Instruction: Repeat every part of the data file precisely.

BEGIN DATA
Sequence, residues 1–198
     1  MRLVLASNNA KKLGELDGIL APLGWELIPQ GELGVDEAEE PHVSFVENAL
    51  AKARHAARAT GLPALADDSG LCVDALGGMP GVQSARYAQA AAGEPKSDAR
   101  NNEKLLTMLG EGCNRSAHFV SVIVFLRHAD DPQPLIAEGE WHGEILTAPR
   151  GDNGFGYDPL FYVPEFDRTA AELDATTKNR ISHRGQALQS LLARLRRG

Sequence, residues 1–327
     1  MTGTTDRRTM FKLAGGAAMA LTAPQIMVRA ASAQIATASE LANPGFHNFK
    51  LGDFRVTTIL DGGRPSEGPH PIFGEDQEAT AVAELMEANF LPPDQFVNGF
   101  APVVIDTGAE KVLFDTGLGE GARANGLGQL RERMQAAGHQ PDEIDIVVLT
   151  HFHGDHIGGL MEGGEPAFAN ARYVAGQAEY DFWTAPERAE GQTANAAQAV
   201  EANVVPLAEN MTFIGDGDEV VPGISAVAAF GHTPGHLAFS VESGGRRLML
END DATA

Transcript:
Sequence, residues 1–198
     1  MRLVLASNNA KKLGELDGIL APLGWELIPQ GELGVDEAEE PHVSFVENAL
    51  AKARHAARAT GLPALADDSG LCVDALGGMP GVQSARYAQA AAGEPKSDAR
   101  NNEKLLTMLG EGCNRSAHFV SVIVFLRHAD DPQPLIAEGE WHGEILTAPR
   151  GDNGFGYDPL FYVPEFDRTA AELDATTKNR ISHRGQALQS LLARLRRG

Sequence, residues 1–327
     1  MTGTTDRRTM FKLAGGAAMA LTAPQIMVRA ASAQIATASE LANPGFHNFK
    51  LGDFRVTTIL DGGRPSEGPH PIFGEDQEAT AVAELMEANF LPPDQFVNGF
   101  APVVIDTGAE KVLFDTGLGE GARANGLGQL RERMQAAGHQ PDEIDIVVLT
   151  HFHGDHIGGL MEGGEPAFAN ARYVAGQAEY DFWTAPERAE GQTANAAQAV
   201  EANVVPLAEN MTFIGDGDEV VPGISAVAAF GHTPGHLAFS VESGGRRLML